40 Times People Posted Unnerving Pics Of Great Heights That Made Others Say “Hell No”
As you may suspect, fear of heights is one of the most common phobias (followed by public speaking) with an estimated 3 percent to 5 percent of the population suffering so-called acrophobia. It's considered to be a type of anxiety disorder when a person experiences intense fear and anxiety when they think of tall heights or are positioned at a significant height. Acrophobia often manifests as an irrational fear and it happens when a person is not particularly high up.
So let me just tell you this post is an informal test to see if your gut is capable of handling extreme ledges and intense highs. Think of climbers, adventurers and thrill seekers who live for the feeling of getting above the clouds. Maybe you’re one of them? Let us know in the comments!
Francis Merson, clinical psychologist and founder of the Paris Psychology Centre, told Bored Panda that fear of heights, or acrophobia, is quite common, affecting around 5% of the population, with women slightly more likely to be acrophobic than men.
“As is often the case with phobias, fear of heights taps into an ancient fear response, which has evolved to help keep us safe from a basic existential threat—falling from a great height. Our human or pre-human ancestors who had no fear of heights would have been more likely to expose themselves to danger, while those afraid of heights were more likely to survive and pass on their genetic material to us,” the clinical psychologist explained. This means that a fear of heights is something most of us have inherited as part of our genetic hardware.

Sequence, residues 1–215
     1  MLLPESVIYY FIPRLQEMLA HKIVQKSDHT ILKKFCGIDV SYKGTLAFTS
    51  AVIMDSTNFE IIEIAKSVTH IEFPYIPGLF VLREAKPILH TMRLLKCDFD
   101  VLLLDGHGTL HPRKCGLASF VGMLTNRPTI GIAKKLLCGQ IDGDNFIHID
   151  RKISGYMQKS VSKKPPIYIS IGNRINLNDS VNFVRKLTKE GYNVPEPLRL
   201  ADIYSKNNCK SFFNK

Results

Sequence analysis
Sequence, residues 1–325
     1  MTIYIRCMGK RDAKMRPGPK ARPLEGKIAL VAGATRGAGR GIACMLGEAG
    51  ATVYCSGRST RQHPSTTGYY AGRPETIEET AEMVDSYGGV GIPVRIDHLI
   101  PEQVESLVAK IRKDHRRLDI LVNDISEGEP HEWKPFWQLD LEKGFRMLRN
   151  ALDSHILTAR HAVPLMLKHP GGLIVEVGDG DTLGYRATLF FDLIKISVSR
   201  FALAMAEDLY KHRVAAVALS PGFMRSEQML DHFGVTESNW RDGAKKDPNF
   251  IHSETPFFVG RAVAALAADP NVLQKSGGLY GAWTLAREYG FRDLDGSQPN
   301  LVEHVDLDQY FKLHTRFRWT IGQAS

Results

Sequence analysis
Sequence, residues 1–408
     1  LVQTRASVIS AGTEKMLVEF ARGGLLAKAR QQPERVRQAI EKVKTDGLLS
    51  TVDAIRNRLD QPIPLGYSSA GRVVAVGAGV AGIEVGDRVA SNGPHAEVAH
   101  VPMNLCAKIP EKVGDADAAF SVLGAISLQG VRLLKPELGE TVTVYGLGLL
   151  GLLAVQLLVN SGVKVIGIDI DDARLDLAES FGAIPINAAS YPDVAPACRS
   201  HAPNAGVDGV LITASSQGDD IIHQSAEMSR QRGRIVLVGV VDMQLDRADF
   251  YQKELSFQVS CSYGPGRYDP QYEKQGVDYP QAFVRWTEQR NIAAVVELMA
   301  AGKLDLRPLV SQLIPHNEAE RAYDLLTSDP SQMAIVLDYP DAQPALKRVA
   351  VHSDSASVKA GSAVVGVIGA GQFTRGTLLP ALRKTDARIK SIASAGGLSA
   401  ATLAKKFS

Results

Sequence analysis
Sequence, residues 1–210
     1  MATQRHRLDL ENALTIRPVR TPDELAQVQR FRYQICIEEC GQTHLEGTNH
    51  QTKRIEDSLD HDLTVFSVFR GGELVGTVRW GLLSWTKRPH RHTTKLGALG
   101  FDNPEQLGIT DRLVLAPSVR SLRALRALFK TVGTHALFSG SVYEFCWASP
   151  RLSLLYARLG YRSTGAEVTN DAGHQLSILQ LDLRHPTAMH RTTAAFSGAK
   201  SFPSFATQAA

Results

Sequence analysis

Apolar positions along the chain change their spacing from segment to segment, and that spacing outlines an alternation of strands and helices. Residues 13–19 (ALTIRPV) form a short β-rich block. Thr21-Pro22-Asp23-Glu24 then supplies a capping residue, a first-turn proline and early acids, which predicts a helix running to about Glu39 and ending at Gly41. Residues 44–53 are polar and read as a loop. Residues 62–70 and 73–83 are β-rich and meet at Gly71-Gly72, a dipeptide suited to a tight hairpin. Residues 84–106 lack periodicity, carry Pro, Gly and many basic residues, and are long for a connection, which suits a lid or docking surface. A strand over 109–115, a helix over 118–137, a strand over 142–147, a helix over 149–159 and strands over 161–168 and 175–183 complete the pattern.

Matt Bush Hanging Five On The First Freesolo Ascent Of 'Heaven On Earth'. Photo By Micky Wiswedel
”If you’re wondering how come some people, especially repair workers, bridge painters, and skyscraper window cleaners, seem to have little if any fear of heights, Francis has an explanation. “As a general rule, any kind of fear reduces with repeated exposure. So the more time you spend at high altitude without anything bad happening, the less it's going to freak you out. In psychological terms, you desensitize to the feared stimulus (in this case, heights)—which means that you gradually begin to perceive it as something safe.”
Francis added that he wouldn't be surprised if people who choose to work at high altitudes are the ones who score pretty low on acrophobia to begin with.
The question remains when fear of heights becomes a problem. Francis argues that feeling a bit queasy when looking down from a great height, like the top of the Grand Canyon, is normal—and not a sign that there is anything wrong with you.
Meanwhile, “people with severe acrophobia can be unable to stand on a chair without panicking, let alone go to a rooftop party! Fear of heights becomes a problem when it is extreme, causing distress and interfering with your life. In this case we might start to talk about a specific phobia, which is an intense, incapacitating fear of one particular thing, such as heights, spiders or bodies of water. In the case of acrophobia, this generally leads to avoidance of anything above the ground floor—elevators, multi-story malls, office buildings, flying, hiking, etc.”
Painters On The Then Tallest Building In The World, Woolworth Building, New York, 1926
The clinical psychologist explained that specific phobias such as acrophobia generally respond well to treatment. “The gold-standard method is graduated exposure, which involves confronting your fear gradually, step-by-step. So you might start by looking down out of a one-story window, and when you feel comfortable at that level, moving to a second-story window, then the third-story, and so on,” Francis explained.
“The important thing is to make sure you feel relaxed and comfortable at each progressive stage. Patients find they're soon able to feel OK at heights they never imagined they could handle!” he concluded.